In the booklet I recently prepared on music improvisation/applied theory, I related the following anecdote about asking a question of Dr. Suzuki.
The last year that Dr. Suzuki came to the American Suzuki Institute in Steven’s Point, Wisconsin, I was there. When we were given a chance to ask our questions, I asked about sight reading musical notation, as there was at that time, some question as to whether we Suzuki teachers should be teaching this skill. He inquired as to whether the children in my area learned to read musical notation at school. I replied that not always did they learn this skill at school. Where upon, he brightened and replied,
“Whatever the student needs to know, the teacher needs to teach.”
This has been my guiding principle in all of my teaching. So, because improvisation is more and more a required skill for young musicians, I propose that we need to introduce it early on, as we do the other skills that we need to develop. Let’s take on the challenge of the present!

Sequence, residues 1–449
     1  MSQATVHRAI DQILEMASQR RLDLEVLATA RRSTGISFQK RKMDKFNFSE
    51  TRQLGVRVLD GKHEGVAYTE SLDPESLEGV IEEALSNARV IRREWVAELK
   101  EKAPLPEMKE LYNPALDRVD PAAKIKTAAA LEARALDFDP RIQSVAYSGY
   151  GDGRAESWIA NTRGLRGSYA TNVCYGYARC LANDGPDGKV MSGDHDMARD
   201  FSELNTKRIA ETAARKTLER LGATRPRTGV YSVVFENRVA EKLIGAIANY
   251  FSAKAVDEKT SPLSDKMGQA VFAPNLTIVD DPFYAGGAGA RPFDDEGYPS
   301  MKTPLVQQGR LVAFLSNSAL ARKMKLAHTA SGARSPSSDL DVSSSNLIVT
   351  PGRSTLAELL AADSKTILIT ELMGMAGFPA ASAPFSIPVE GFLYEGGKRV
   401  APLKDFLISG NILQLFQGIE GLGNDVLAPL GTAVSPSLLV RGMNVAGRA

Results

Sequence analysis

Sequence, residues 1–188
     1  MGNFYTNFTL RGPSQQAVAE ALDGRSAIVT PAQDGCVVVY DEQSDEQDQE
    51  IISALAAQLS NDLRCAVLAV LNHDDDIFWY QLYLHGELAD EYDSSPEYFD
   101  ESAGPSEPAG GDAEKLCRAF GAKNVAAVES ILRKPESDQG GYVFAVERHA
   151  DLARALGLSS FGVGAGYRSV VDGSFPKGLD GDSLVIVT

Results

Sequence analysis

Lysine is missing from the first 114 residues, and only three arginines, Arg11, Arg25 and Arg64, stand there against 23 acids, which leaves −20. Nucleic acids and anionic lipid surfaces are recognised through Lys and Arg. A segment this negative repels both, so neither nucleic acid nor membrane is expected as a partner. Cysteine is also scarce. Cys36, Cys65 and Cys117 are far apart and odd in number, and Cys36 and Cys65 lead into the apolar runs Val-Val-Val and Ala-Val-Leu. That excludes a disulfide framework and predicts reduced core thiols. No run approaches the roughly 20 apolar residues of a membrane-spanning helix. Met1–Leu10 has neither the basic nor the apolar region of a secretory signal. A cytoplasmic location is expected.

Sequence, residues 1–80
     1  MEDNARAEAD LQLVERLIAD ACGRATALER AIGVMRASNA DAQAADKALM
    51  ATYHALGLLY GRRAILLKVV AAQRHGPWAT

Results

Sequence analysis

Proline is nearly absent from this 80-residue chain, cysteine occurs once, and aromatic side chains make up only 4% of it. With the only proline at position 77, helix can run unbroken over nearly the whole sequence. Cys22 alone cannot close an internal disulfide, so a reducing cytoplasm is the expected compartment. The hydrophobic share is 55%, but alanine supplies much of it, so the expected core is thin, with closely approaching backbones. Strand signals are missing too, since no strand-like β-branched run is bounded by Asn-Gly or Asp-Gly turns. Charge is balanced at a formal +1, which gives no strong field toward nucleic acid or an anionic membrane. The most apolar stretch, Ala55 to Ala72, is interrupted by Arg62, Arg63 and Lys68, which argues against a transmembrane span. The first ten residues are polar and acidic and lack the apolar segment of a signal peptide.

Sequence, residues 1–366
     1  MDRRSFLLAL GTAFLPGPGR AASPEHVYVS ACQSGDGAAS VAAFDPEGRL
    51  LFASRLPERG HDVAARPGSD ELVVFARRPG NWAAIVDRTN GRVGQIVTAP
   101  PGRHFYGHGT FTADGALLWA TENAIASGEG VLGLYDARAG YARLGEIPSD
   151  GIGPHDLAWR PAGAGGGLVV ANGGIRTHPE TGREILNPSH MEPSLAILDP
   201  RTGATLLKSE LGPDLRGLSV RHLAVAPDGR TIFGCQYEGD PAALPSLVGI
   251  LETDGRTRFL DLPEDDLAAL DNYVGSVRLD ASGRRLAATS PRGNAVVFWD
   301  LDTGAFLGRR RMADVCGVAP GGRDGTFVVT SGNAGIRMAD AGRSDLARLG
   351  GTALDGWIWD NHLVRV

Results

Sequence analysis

Alice Kay Kanack has developed a very informative improvisation method for piano students and also extended it to violin (see Fun Improvisation for…Violin, Viola, Cello, Piano). She does a very good job of laying out the philosophy and method of creative development. I highly recommend her books! She also makes the very well placed point that the famous classical music composers such as Hayden, Beethoven and Mozart all practiced improvisation exercises as young students. It is self evident that improvisation feeds into composing skills. With all this in mind, what I am proposing is an approach more through the use of Theory of Music. As soon as the student can play the first one octave scale with ease, he/she can use those notes as building blocks, mix them up and make up/improvise something. At first the attempt may sound labored and inert, but the student is becoming aware of the sounds of different consecutive intervals and what he/she likes better and they start to develop and use their imagination and get adventurous. Things get interesting and fun.